Found another somewhat easily Tasmota flashable Outdoor plug. It is the Etekcity ESO15-TB, (approximately $20). It can only be flashed via serial to USB and oddly enough I found no good solid guide online for flashing it. When I opened it up I saw that it had an ESP-01E chip. I also discovered that it required a complete disassembly to get to the bottom of the board.
When I first flipped it over I thought all was lost because the ESP-01E is kind of a plug in module and the solder points are SUPER close together. Closer than my 59 year old eyes can navigate, at least not without mumbling some special words I learned in the Navy. A closer inspection revealed clearly marked test points with the exception of GPIO0 which almost always has to be held to ground to put the chip into boot loader mode. The pinout in the ESP-01E doc shows that GPIO0 is pin 8.
There are no shortage of Internet Of Things (IoT) devices in the big box stores that promise that their app or Alexa and/or Google integration will make your home smart. There is no doubt you can walk into Walmart or Best Buy and walk out with a smart switch or outlet or LED strip or whatever.
Pretty soon though you end up with a multitude of apps and instead it is chaos instead of convenience. Also if you add something to Alexa, and remove it then add it again you may have two instances in your Device log with the same name which will cause problems.
Another problem I have with these devices is that they are mostly all made in China, and so is the app. A few years ago when I first started doing home automation there was a popular plug (which is still around) that one geekster used a packet sniffer and proved the device was sending your network credentials back to its server in China. I won’t dwell here too much but if someone has a back door in the software of a device that resides on your network………..THEY ARE IN YOUR WHOLE NETWORK.
My requirements for a smart device are this:
The ability to remove their firmware and flash it with Open Source firmware. This is number 1 on my list for a reason. Security. Many devices with IoT chips are now blocking the ability to reprogram their devices. Tuya, which makes about a zillion guts for smart devices has been doing this for a couple years.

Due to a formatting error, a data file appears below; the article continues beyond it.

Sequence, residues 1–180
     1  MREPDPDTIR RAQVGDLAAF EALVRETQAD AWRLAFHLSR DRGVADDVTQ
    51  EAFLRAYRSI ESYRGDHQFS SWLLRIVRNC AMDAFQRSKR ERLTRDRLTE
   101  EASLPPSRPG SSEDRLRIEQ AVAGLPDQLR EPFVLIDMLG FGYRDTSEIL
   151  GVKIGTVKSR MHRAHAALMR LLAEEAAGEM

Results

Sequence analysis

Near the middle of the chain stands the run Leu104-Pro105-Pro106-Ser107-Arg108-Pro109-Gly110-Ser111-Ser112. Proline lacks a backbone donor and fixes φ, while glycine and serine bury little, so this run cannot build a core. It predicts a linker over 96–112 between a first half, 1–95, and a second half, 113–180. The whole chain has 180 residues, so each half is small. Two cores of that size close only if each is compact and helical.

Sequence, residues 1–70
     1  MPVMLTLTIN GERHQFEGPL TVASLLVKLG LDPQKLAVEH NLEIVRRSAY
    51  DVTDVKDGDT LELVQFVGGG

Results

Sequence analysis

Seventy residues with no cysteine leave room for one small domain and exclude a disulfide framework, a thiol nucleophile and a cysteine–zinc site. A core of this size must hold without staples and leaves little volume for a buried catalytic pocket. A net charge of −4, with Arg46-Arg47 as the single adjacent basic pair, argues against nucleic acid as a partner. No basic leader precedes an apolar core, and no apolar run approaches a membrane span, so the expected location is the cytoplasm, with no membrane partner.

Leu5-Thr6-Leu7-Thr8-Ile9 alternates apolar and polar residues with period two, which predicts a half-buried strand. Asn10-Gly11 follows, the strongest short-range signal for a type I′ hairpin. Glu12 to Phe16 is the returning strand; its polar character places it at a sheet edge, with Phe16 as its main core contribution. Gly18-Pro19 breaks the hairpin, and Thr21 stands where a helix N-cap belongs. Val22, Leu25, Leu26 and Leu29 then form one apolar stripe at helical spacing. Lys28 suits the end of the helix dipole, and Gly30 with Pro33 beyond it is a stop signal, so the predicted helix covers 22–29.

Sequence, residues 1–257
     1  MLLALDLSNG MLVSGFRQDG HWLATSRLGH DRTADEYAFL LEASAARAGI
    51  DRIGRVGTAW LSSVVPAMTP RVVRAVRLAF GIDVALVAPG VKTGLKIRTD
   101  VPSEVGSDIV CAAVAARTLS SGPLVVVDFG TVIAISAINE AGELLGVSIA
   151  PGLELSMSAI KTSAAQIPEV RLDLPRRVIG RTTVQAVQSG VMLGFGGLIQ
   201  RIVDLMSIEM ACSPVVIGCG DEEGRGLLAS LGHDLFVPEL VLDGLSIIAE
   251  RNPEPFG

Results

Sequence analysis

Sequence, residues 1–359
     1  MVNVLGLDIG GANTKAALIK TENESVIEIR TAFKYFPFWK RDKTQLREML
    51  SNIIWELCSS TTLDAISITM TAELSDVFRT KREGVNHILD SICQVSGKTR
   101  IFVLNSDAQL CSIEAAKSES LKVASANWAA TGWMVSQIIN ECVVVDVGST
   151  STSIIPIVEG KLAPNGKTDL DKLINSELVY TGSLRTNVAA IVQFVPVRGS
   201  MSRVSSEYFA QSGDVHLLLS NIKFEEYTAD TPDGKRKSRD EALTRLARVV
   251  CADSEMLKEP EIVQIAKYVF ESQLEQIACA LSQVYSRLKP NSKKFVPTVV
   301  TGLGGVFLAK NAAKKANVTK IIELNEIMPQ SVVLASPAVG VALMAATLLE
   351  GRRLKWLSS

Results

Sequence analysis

The ability to incorporate the device into my Home Automation. I use a program called HomeAssistant. I don’t necessarily want the Googler or the foreign agent, Alexa running the whole show. I want a web interface, dashboard that I can control from FAR AWAY. Can’t tell Alexa to turn the thermostat down if you aren’t in the house. And again this goes back to my previous point of having multiple smart apps = chaos and confusion.
The ability to control it manually should automation break.. If it breaks 100% when the internet goes down………what good is it?
Decided to put some landscape lighting up at my new home and figured I might as well make it home automation friendly. That means I want to control it from a browser or by Alexa or Google commands.
It’s actually not very complicated, as far as home automation goes. The whole project is centered around a Sonoff 4 Channel Relay. The device I linked is actually a newer model than the one I have. I have the Sonoff 4 Channel Relay R2 Pro.
Sonoff 4CH R2 Relay
Figured I may as well use it.
It can control 4 different lighting circuits however I’ll probably only install 2 or 3 circuits, and this of course will give me room to grow.
These things come ready to roll but the device and smart app are Chinese and I don’t dig that at all.
So I flash mine with Open Source firmware called Tasmota. At least I know my information isn’t being sent to some server in China.
NOTE: These devices are rated to 10 amps only. If you use them on an AC home circuit breaker it is likely a 15 or 20 amp circuit. Translation: The Sonoff will fail catastrophically before a circuit breaker trips if something goes wrong. We are powering this device with DC power and using low voltage DC landscaping lights that are 12 volt. This will be safe.
I have an older Sonoff 4 Channel Relay (R2 Pro) which I had flashed with Tasmota firmware version 6.4.1.
In the interest of incorporating easily into my home automation I decided to upgrade the Tasmota firmware to the latest version (9.5.0 at the time of this writing). I want to use it for landscape lighting.
I uploaded the Tasmota minimal which did upload but when the relay rebooted the relay 2 light came on and the relay 1 relay began furiously clicking.
The WiFi was NOT connected as well. No problem. I’ll just put the device in boatloader mode and rewrite the flash memory. You do that by holding down this button while powering up:
Enter boot loader mode (click pic to enlarge)